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Netanyahu is losing his grip on power

Acting Israeli Prime Minister and leader of the

Acting Israeli Prime Minister and leader of the Likud party Benjamin Netanyahu attends his party faction meeting at the Knesset in Jerusalem, Israel on Sept. 23, 2019. Credit: EPA-EFE/Shutterstock/ABIR SULTAN

The Israel elections have ended in an effective stalemate that means, in one way or another, the virtual end of Benjamin Netanyahu’s grip on power. It’s an event likely to reverberate far beyond Israel.

Prime Minister Netanyahu’s right-wing Likud party secured 31 seats in the Knesset, while the centrist Blue and White Party, led by Benny Gantz, has 33. That means the next government will be decided by coalition-making; so far, neither party has the 61-seat majority needed to form a government. In a historic first, the bloc of Arab lawmakers, which has never entered parliamentary alliances before, has endorsed Gantz. Netanyahu has the backing of religious parties. The eight-seat Beitenu faction, a secular nationalist party headed by former Defense Minister Avigdor Lieberman, is not joining either coalition so far, since Lieberman has issues both with Netanyahu’s ultra-Orthodox backers and with Gantz’s Arab backers.

Gantz is no kumbaya-singing liberal. He’s a former Israeli Defense Force chief of staff who led Israel’s 50-day military operation against Hamas militants in Gaza five years ago — which is why it’s all the more remarkable that he’s been able to win the Arab legislators’ support.

Unlike the Arab faction, Gantz does not call for repeal of the controversial 2018 nation-state law which affirmed that “national self-determination in the State of Israel is unique to the Jewish people”  and downgraded Arabic from its status as a second official language. But he has said that he would “fix” the law, and his party platform calls for ensuring that “the value of equality is enshrined” in national legislation. Blue and White also wants to limit the power of the Orthodox rabbinate and resume peace negotiations with the Palestinian Authority.

Netanyahu, who has been in power for a decade, is increasingly under fire from strong supporters of Israel in the American media. Earlier this year, Bloomberg View columnist Eli Lake lambasted him for making a deal with ultranationalist parties he called “Judeofascists” in order to stay in power. And a week ago, New York Times opinion writer Bari Weiss ripped into Netanyahu in an appearance at New York’s 92nd Street Y to promote her new book, “How to Fight Anti-Semitism.”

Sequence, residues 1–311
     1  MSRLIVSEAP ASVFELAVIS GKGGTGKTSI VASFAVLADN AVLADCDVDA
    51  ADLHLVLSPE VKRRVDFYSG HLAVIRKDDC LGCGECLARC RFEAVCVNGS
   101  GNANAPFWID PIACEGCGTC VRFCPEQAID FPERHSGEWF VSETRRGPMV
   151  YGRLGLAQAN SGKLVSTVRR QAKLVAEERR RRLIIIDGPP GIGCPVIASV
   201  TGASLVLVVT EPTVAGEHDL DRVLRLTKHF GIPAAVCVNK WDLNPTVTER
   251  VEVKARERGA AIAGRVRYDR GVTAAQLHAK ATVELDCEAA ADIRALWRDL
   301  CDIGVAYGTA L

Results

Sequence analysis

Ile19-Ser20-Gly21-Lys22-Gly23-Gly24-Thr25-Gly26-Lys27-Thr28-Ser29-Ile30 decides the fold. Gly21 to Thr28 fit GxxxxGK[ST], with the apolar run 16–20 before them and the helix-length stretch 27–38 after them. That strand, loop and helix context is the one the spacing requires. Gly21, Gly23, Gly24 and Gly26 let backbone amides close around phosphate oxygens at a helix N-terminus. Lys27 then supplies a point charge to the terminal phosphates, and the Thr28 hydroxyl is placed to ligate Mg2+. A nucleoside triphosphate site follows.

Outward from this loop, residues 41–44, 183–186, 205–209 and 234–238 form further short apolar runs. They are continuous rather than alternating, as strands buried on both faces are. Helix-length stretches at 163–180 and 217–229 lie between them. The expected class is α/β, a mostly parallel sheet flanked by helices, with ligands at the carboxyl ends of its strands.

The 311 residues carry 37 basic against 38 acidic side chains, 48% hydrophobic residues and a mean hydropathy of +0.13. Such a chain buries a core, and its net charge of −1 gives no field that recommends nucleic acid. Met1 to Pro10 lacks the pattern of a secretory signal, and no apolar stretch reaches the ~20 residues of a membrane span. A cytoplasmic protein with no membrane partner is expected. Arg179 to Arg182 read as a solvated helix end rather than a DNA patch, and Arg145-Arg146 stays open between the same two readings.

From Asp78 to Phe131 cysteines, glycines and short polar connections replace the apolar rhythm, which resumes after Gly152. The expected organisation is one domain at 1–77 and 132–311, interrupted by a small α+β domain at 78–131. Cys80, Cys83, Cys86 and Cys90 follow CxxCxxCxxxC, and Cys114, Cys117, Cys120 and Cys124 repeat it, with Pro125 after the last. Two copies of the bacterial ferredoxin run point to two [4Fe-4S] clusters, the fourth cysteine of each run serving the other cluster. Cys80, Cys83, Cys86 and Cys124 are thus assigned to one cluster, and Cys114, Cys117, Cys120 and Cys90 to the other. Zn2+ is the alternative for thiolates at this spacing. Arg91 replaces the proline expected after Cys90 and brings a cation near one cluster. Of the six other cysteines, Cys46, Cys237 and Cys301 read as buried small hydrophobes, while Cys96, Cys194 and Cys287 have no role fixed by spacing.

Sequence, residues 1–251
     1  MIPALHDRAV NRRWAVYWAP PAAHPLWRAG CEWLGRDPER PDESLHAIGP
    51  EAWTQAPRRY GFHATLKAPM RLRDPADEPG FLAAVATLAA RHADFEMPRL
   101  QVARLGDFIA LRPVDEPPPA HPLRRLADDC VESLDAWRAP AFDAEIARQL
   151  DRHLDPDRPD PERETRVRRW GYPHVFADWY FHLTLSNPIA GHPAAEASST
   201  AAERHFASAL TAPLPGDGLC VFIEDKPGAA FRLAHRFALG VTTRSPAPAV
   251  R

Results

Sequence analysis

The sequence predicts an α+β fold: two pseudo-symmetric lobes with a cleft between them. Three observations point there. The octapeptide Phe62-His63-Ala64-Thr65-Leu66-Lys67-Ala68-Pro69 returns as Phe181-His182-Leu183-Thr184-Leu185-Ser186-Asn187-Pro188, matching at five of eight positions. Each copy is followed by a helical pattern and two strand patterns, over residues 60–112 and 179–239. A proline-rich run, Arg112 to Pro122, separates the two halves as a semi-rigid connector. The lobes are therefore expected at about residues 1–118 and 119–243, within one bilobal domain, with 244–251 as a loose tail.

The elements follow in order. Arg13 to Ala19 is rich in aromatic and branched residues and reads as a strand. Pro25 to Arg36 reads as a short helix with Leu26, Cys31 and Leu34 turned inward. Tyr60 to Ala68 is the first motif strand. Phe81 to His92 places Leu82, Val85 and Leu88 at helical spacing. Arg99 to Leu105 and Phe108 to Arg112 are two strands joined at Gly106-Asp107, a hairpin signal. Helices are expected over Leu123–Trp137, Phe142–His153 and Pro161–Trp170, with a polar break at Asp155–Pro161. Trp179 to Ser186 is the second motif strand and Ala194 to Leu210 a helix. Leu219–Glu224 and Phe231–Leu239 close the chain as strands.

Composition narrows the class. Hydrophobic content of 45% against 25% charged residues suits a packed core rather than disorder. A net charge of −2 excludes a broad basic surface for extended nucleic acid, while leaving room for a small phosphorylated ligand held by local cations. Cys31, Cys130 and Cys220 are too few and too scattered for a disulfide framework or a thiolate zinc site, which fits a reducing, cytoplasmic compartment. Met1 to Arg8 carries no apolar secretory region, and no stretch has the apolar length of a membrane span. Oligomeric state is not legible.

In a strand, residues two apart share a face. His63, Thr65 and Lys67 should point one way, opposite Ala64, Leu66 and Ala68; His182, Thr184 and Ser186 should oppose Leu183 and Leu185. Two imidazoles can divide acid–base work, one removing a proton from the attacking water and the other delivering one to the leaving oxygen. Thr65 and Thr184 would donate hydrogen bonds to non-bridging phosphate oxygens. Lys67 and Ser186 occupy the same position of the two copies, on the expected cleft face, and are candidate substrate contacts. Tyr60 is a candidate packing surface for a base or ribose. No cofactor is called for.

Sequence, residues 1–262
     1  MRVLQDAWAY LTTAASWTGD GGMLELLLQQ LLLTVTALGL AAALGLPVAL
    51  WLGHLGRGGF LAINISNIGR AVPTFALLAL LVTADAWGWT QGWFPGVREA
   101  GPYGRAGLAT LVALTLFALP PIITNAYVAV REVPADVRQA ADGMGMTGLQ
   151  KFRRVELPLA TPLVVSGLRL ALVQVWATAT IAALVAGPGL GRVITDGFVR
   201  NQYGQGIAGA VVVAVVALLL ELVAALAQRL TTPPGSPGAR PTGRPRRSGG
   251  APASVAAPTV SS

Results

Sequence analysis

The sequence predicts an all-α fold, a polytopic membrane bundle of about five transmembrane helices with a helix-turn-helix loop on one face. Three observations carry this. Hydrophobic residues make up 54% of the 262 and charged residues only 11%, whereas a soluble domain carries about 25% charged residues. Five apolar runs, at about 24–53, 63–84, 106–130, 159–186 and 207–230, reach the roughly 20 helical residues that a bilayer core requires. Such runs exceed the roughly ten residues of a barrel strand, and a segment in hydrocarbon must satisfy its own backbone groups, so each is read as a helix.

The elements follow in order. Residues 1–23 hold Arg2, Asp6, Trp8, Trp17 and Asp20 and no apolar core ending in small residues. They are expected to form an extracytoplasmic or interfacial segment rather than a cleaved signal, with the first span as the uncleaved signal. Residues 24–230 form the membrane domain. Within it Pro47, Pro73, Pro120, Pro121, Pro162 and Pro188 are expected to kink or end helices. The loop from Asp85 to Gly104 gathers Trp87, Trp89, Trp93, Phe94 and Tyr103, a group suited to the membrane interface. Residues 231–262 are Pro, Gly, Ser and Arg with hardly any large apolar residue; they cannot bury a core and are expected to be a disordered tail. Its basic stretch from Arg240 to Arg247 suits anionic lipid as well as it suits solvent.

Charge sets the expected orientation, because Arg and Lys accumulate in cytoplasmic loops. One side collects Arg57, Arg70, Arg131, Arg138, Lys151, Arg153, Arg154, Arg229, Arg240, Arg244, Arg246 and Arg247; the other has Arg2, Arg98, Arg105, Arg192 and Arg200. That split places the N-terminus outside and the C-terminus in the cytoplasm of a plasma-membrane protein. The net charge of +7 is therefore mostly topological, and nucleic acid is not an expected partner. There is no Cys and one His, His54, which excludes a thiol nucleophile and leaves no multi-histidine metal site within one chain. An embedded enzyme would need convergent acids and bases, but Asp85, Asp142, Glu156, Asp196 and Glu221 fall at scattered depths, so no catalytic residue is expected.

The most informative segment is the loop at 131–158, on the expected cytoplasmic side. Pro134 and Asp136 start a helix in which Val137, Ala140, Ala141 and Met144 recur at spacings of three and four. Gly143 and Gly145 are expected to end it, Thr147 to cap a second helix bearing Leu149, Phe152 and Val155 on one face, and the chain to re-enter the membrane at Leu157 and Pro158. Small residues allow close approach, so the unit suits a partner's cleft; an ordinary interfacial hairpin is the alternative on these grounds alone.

To a question from the audience, “Is Netanyahu a racist?,” Weiss responded, “Frankly, yes!”

She listed racist things Netanyahu has said and done, from whipping up fears of Arab voting before elections to allying himself with “vile” ultranationalist groups. While Weiss stressed that blaming Israeli policies for anti-Semitism is inexcusable, she also said, “Netanyahu makes it harder to defend Israel.” Weiss’ book also lambastes Netanyahu for his alliances with right-wing populist leaders in Europe, such as Hungary’s Viktor Orbán, whose flirtations with anti-Semitism he has been willing to overlook in exchange for these leaders' pro-Israel stance. 

Orbán’s vision of illiberal democracy, in which majority rule takes precedence over individual rights and freedoms, is very much in line with Netanyahu’s outlook. While Israel remains the freest country in the Middle East, Netanyahu has taken it in a more authoritarian, less open and tolerant direction — a tendency has that mirrored the populist drift in Europe and the United States. (His close relationship with Donald Trump is no accident.)

Whether he is forced to leave office or agree to share power in a unity government, it seems clear that Netanyahu’s hold on leadership is virtually over  — especially with the added cloud of pending corruption charges. While Israel’s politics are unique, the country’s turn may yet signal the reversal of nationalist and populist trends in the West.

Cathy Young is a contributing editor to Reason magazine.

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